let val = remote.getProp('a');
    return val;
}
```

Why:

Running things in a genuinely asynchronous way is actually *unusual*. The
current async/await syntax (which I think should still stay) is the exact
reverse of what fits the probable use cases. Missing the 'await' keyword
(particularly on functions/methods that don't return a value) causes all
sorts of hard to track down bugs. I myself didn't realise this until I (and
others I work with) started making intense use of async/await.

The new proposed syntax above is obviously much simpler and would be very
hard to get wrong. By contrast, the original syntax has proven surprisingly
difficult to get consistently right. Even now with quite a lot of practice,
I'm occasionally forgetting an await here and there. In addition, patterns
like chaining get ugly *very* quickly. (Although I guess that could also be
fixed with a method-friendly async call syntax.)

If the proposed syntax were available in addition to the current syntax,
you could apply whichever keyword in the function declaration is most
likely applicable at call sites. e.g. runInBackground could be declared
'async' rather than 'await', if you normally expect it to be run in the
background.
subs at voracity.org (2017-12-03T11:29:59.549Z)
Sorry for making this request now (rather than when async/await was first
being formulated), but real-world use has led me to think some things could
benefit from a slightly different syntax. I also apologise if this has been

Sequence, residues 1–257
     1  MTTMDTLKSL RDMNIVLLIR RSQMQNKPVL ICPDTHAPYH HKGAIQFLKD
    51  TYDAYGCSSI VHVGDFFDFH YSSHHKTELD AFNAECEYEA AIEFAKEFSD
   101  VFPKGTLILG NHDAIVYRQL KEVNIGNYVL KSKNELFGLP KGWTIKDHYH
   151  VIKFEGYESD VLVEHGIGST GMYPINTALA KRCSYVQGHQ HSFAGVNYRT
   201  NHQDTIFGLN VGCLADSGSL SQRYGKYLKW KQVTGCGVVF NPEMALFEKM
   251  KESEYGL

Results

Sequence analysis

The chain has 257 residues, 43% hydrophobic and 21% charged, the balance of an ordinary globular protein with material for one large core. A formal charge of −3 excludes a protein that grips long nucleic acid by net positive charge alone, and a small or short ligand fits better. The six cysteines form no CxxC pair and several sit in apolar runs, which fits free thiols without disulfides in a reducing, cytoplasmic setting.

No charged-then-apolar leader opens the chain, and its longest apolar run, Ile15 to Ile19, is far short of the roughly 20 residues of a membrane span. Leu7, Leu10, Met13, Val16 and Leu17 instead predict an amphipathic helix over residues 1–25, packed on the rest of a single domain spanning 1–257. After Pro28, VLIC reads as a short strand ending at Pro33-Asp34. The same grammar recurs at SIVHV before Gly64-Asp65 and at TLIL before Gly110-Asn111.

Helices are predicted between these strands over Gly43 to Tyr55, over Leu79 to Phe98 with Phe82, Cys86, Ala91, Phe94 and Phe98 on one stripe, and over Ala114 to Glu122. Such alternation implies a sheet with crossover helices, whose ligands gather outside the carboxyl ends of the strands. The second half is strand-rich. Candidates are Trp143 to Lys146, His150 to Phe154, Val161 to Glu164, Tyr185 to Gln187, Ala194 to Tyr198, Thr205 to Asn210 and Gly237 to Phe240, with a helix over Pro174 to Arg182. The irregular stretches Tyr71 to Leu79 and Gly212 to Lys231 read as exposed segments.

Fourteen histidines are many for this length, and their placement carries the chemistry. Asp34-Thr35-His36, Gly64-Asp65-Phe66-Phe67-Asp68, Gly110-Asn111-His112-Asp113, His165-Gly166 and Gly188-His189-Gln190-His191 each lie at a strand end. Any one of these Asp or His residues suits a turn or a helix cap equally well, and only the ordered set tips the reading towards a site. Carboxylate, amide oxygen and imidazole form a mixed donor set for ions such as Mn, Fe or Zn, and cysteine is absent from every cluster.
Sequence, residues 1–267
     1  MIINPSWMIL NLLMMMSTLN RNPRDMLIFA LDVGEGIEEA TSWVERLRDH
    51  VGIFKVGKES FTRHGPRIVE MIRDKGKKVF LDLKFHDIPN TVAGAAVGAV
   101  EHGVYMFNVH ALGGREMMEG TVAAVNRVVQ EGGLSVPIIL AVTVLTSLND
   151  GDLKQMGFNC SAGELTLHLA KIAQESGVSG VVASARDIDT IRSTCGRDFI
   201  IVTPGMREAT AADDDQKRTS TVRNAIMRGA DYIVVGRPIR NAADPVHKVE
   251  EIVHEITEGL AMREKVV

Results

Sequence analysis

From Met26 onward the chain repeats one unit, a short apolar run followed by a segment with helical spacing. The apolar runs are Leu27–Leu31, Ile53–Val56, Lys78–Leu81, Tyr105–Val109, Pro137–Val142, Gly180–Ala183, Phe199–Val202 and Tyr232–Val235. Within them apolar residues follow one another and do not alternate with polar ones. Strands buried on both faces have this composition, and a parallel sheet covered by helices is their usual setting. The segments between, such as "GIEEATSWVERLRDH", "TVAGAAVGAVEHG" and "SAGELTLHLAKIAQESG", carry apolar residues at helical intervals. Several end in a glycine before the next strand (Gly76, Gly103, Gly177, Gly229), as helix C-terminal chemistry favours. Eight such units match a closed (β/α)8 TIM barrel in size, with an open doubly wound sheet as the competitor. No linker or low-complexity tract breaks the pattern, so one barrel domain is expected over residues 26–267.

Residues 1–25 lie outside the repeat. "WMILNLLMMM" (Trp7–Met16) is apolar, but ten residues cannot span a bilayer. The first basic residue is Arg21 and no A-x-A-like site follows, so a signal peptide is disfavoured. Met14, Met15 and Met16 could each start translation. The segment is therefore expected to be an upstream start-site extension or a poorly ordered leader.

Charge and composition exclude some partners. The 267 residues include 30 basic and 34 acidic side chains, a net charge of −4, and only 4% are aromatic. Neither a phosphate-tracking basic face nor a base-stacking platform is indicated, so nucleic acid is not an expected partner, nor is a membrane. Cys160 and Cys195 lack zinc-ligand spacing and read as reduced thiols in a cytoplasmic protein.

raised/discussed before, I wasn't able to find it. The proposal is most
quickly explained with an example.

Current:

```js
class RemoteService {
    async init() { ... }
    async setProp(id, val) { ...; return this }
    async getProp(id) { return ... }
    async runInBackground() { ... }
}

async function remoteExample() {
    let remote = new RemoteService();
    await remote.init();
    await (await remote.setProp('a', 1)).setProp('b', 2);
    remote.runInBackground();
    let val = await remote.getProp('a');
    return val;
}
```

Proposed:

```js
class RemoteService {
    await init() { ... }
    await setProp(id, val) { ...; return this }
    await getProp(id) { return ... }
    await runInBackground() { ... }
}

await function remoteExample() {
    let remote = new RemoteService();
    remote.init();
    remote.setProp('a', 1).setProp('b', 2);
    async remote.runInBackground();
    let val = remote.getProp('a');
    return val;
}
```

Why:

Running things in a genuinely asynchronous way is actually *unusual*. The
current async/await syntax (which I think should still stay) is the exact
reverse of what fits the probable use cases. Missing the 'await' keyword
(particularly on functions/methods that don't return a value) causes all
sorts of hard to track down bugs. I myself didn't realise this until I (and
others I work with) started making intense use of async/await.

The new proposed syntax above is obviously much simpler and would be very
hard to get wrong. By contrast, the original syntax has proven surprisingly
difficult to get consistently right. Even now with quite a lot of practice,
I'm occasionally forgetting an await here and there. In addition, patterns
like chaining get ugly *very* quickly. (Although I guess that could also be
fixed with a method-friendly async call syntax.)

If the proposed syntax were available in addition to the current syntax,
you could apply whichever keyword in the function declaration is most
likely applicable at call sites. e.g. runInBackground could be declared
'async' rather than 'await', if you normally expect it to be run in the
background.